Cecilie Uttrup Ludwig’s favorite memory from the Giro Rosa happened well off the podium and far from any of the climbs that she crushed during the race. It was from a small pizza place in Motta Montecorvino, on the evening of the final stage of the Italian stage race. Her FDJ Nouvelle-Aquitaine Futuroscope teammate Evita Muzik had won the stage, and the team was celebrating around food and wine.
“For me, it was a bit bittersweet because I got fourth, but it was such a nice evening,” Uttrup Ludwig told VeloNews. “It was a memorable day for many reasons. Evita worked so hard and she’s such a talented young girl. Brodie was also so freaking strong. In the breakaway together, the way that they executed it — Brodie riding full gas and Evita [was] going and believing in it and winning.”
“The whole Giro we’d been saying when we get to the end we’ll have pizza. And we did, and it was the best pizza of my life, seriously, with nice local wine. It was just so nice, and we ended on such a good note.”
Although missing the podium at the Giro Rosa by two seconds could have left her frustrated and remorseful, the Danish rider had plenty of positives to focus on instead: her overall mountains classification victory, her teammate’s stage win, and, the fact that the Giro Rosa happened at all.
In fact, if there’s one thing that Uttrup Ludwig knows about herself, it’s how being happy makes her a better rider.
Happy at home
While riders across the globe had to make major modifications to their lives, both on and off the bike, during the coronavirus shutdown, Uttrup Ludwig says she didn’t do anything out of the ordinary in terms of training. She left Girona to return home to Denmark early in the spring where she trained almost exactly as she would have had there not been a pandemic.
What she did notice, however, was how much easier it was to make gains without the mental hardship of being stuck away from friends and family during such a stressful time.
“In general, I just know how much it means for me as a rider to be happy,” Uttrup Ludwig said. “For me, it made me happy to be in Denmark and surrounded by family and friends. We couldn’t go to restaurants, but we could go for walks and be outside. That made it easier to go through this.”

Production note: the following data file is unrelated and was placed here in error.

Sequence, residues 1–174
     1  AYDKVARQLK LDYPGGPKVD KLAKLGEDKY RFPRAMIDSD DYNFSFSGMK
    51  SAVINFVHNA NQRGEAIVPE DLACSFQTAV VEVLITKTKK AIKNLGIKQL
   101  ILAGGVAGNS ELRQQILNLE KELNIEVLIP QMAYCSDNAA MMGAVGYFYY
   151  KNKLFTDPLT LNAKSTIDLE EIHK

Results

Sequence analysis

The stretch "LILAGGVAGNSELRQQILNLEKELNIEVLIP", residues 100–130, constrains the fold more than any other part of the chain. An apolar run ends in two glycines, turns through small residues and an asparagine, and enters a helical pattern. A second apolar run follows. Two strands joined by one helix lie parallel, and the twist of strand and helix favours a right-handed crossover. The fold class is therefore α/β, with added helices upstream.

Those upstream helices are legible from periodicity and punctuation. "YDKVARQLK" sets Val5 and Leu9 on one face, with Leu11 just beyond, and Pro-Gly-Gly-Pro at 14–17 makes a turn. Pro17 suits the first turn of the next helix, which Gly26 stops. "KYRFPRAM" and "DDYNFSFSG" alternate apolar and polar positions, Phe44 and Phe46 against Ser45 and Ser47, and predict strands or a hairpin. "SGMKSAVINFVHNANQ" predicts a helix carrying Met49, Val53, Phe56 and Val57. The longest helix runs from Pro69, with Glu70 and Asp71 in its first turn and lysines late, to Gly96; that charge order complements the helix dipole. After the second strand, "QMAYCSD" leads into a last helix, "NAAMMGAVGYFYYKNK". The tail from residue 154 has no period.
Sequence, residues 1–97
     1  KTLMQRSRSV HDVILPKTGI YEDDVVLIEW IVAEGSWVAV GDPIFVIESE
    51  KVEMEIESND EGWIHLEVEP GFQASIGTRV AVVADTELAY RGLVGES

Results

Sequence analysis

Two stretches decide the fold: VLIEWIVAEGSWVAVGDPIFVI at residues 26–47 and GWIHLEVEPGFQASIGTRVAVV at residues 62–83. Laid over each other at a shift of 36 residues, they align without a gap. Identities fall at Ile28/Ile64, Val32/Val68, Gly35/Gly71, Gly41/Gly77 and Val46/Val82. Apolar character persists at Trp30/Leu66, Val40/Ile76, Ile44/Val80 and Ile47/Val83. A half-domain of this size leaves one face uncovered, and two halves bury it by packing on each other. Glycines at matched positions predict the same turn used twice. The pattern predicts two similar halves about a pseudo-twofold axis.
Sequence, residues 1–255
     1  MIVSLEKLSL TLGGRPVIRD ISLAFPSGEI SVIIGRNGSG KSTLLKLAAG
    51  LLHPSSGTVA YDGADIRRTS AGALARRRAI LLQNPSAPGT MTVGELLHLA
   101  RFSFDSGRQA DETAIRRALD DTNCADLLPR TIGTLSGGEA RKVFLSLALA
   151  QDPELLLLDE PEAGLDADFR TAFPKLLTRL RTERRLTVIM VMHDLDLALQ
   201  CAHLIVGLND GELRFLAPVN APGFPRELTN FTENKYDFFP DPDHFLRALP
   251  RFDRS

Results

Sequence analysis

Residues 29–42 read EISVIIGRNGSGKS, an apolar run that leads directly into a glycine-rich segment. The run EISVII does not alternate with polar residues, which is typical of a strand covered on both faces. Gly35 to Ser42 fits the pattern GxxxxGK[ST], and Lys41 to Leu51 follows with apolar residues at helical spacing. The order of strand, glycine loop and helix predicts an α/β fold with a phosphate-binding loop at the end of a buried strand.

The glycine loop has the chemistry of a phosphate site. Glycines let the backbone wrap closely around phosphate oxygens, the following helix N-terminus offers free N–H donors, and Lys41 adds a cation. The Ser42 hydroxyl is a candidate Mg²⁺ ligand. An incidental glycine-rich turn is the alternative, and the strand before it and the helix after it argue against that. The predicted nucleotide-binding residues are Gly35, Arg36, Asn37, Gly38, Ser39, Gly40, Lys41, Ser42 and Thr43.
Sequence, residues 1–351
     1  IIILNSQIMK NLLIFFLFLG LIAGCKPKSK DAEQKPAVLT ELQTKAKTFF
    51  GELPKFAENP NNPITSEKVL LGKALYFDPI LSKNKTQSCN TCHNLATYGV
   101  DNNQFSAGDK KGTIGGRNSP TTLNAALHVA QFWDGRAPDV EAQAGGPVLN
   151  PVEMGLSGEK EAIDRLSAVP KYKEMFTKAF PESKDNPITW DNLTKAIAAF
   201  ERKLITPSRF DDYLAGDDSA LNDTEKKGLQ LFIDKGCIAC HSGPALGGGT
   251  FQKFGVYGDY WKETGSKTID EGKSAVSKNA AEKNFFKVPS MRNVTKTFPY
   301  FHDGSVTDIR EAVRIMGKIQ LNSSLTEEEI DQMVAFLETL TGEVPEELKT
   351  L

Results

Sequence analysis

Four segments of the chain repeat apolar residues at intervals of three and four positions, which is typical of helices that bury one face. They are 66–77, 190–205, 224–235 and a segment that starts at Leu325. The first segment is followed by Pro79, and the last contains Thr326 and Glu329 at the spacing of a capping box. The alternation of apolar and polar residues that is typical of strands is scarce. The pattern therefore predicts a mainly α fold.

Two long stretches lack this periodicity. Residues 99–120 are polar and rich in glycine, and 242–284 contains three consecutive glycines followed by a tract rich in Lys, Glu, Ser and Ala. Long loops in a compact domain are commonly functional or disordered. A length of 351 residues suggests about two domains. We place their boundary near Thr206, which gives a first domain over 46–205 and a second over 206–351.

In addition to being home with friends and family, Uttrup Ludwig said another very important piece factored into her ability to train without any emotional interference. During the racing shutdown, neither she nor her teammates had to deal with any disruption to their salaries or benefits. Because FDJ Nouvelle-Aquitaine Futuroscope is backed by the state lottery, it has funding that ensured that the riders wouldn’t have to take pay cuts.
“I think that that has been also a major part [of] why I haven’t been worried during the COVID time,” Uttrup Ludwig said. “Talking to some of my other competitors where their team has been suffering, they have been super worried about having a job, being able to pay the bills. That’s also why I haven’t been worried and have been able to focus my energy on training and being good when the season started, and I think that has been quite important.”
Good when the season started
For those who didn’t know Uttrup Ludwig before this year, when she has most often been at the head of the peloton duking it out alongside legends like Annemiek van Vleuten and Anna van der Breggen, it bears going back and watching the highlights (and post-race interviews) from Flanders last year. Last April in Belgium, Uttrup Ludwig was also at the front, battling with van Vleuten and eventual winner Marta Bastianelli.
After she finished third in the sprint into Oudenaarde, Uttrup Ludwig was characteristically stoked, and minutes later she gave her now-iconic “Let’s. Put. The. Hammer. Down!” interview.
Yet speaking about her successes this year — a win at Giro dell’Emilia, 4th at the Giro Rosa, 8th at worlds, and 2nd at Fleche Wallone — Uttrup Ludwig is more tempered.
“I feel that every year I am improving and I feel that I still have some things to learn, but I feel that I’m just slowly progressing year by year,” she said. “I feel like I’ve taken another step from last year. I hope that I can take even another big step, go for another big win, that’s the goal.”
Perhaps it is the combination of stoked-ness, patience, and drive that has landed Uttrup Ludwig in striking distance of so many WorldTour victories.
With only two major races left on the calendar and the coronavirus pandemic still very much a thing, Uttrup Ludwig said she’s seeing a lot of tired minds and bodies in the peloton. However, the off-season hasn’t even entered her mind yet. In a year where everyone took a ‘ride each race like it’s the last’ attitude, the 25-year old rider hasn’t yet accepted that soon enough, the last one will come. Until then, there’s Flanders to contend with.
“It’s one of my favorite races on the calendar,” she said. “I’m gonna go out there and have fun, I’m sure.”
But we know what that really means: on Sunday, Uttrup Ludwig is going to put the hammer down.